Large Hadron Collider restarts, Earth doesn’t explode

7 Apr 2015

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LHC maintanence in 2013, via Anna Pantelia/CERN

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Following a two-year hiatus, CERN’s Large Hadron Collider (LHC) has been turned back on and the planet hasn’t been destroyed, thankfully.

The world’s most powerful particle accelerator began smashing up particles again over the weekend, with two protons beaming through the 27km ring in opposite directions at their injection energy of 450 GeV, which will increase imminently as systems are checked and approved again.

"After two years of effort, the LHC is in great shape," said Frédérick Bordry, director for accelerators and technology at CERN. "But the most important step is still to come when we increase the energy of the beams to new record levels.”

Stopping the LHC back in 2013 was a pretty major undertaking, with the consolidation of around 10,000 electrical interconnections between magnets just one of the many tasks involved.

Magnet protection systems were added, while cryogenic, vacuum and electronics were improved and strengthened.

Now to improve its future research, the beams are going to produce far more collisions by separating the bunches of protons by smaller margins, from 50 nanoseconds to 25 nanoseconds.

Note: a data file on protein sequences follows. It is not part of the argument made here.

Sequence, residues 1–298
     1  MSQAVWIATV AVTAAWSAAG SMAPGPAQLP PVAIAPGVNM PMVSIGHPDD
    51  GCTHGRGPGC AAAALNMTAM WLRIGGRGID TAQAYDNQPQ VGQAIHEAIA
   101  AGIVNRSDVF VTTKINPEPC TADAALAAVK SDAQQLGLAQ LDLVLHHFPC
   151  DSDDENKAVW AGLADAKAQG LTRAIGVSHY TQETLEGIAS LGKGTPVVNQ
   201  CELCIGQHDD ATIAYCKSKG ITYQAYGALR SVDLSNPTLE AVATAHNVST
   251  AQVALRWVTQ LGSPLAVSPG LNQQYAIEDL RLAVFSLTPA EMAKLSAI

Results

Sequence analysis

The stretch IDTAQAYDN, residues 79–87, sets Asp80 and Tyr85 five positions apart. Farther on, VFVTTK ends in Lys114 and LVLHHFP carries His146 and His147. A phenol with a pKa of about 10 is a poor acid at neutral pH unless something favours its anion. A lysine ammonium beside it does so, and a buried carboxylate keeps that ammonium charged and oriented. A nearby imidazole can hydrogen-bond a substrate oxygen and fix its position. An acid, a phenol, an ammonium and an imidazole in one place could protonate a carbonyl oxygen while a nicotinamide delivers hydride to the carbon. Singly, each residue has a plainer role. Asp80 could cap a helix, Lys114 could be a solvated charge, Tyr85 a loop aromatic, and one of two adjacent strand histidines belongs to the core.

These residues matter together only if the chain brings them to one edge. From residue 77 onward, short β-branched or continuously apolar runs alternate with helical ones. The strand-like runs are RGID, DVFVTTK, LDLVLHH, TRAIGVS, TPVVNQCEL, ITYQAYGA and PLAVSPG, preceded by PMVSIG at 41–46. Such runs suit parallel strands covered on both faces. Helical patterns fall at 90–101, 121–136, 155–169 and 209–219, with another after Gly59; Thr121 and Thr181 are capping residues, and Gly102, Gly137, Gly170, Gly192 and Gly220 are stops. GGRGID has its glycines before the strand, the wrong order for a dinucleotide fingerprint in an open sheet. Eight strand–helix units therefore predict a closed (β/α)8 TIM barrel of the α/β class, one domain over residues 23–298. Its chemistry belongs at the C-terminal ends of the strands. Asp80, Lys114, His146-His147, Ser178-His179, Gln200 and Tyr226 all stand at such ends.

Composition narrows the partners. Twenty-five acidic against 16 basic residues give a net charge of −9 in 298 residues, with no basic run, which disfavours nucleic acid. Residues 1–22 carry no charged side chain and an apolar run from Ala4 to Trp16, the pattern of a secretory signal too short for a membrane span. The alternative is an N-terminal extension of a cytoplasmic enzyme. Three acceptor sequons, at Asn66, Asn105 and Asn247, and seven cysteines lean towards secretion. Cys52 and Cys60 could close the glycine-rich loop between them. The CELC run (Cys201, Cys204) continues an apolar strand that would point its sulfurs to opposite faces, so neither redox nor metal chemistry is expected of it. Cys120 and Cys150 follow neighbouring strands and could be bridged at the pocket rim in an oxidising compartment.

LHC group

Scientists look on as the LHC is turned back on by CERN, via Maximilian Brice/CERN

"Operating accelerators for the benefit of the physics community is what CERN’s here for,” said Rolf Heuer, director general of CERN, when the LHC kicked back into action on Sunday. "Today, CERN’s heart beats once more to the rhythm of the LHC.” 

This is the second phase of the LHC’s mammoth research operation. It will produce nearly double the energy of phase one, “at 6.5 TeV per beam”, according to CERN.

“With 13 TeV proton-proton collisions expected before summer, the LHC experiments will soon be exploring uncharted territory.

“The Brout-Englert-Higgs mechanism, dark matter, antimatter and quark-gluon plasma are all on the menu for LHC season two. After the discovery of the Higgs boson in 2012 by the ATLAS and CMS collaborations, physicists will be putting the Standard Model of particle physics to its most stringent test yet, searching for new physics beyond this well-established theory describing particles and their interactions.”

LHC Panoramic

The new LHC has many improvements to produce more energy, via CERN

Gordon Hunt is senior communications and context executive at NDRC. He previously worked as a journalist with Silicon Republic.

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